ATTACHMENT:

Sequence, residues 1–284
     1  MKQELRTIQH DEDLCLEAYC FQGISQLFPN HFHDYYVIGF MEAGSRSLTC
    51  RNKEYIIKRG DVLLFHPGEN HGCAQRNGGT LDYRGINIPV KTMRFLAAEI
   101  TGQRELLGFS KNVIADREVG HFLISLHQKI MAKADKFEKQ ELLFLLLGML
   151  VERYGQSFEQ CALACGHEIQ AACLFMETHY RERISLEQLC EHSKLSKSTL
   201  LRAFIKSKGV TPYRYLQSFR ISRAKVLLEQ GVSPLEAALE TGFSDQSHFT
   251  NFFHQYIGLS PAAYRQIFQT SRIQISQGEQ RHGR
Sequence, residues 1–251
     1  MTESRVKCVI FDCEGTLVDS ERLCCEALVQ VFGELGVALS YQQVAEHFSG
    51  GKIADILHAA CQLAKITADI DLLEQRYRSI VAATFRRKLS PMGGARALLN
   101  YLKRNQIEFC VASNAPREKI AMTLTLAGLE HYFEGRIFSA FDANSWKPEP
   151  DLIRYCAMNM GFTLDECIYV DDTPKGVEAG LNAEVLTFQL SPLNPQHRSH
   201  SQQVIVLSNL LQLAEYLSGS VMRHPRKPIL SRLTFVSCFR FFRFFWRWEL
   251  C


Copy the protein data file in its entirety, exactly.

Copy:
Sequence, residues 1–284
     1  MKQELRTIQH DEDLCLEAYC FQGISQLFPN HFHDYYVIGF MEAGSRSLTC
    51  RNKEYIIKRG DVLLFHPGEN HGCAQRNGGT LDYRGINIPV KTMRFLAAEI
   101  TGQRELLGFS KNVIADREVG HFLISLHQKI MAKADKFEKQ ELLFLLLGML
   151  VERYGQSFEQ CALACGHEIQ AACLFMETHY RERISLEQLC EHSKLSKSTL
   201  LRAFIKSKGV TPYRYLQSFR ISRAKVLLEQ GVSPLEAALE TGFSDQSHFT
   251  NFFHQYIGLS PAAYRQIFQT SRIQISQGEQ RHGR
Sequence, residues 1–251
     1  MTESRVKCVI FDCEGTLVDS ERLCCEALVQ VFGELGVALS YQQVAEHFSG
    51  GKIADILHAA CQLAKITADI DLLEQRYRSI VAATFRRKLS PMGGARALLN
   101  YLKRNQIEFC VASNAPREKI AMTLTLAGLE HYFEGRIFSA FDANSWKPEP
   151  DLIRYCAMNM GFTLDECIYV DDTPKGVEAG LNAEVLTFQL SPLNPQHRSH
   201  SQQVIVLSNL LQLAEYLSGS VMRHPRKPIL SRLTFVSCFR FFRFFWRWEL
   251  C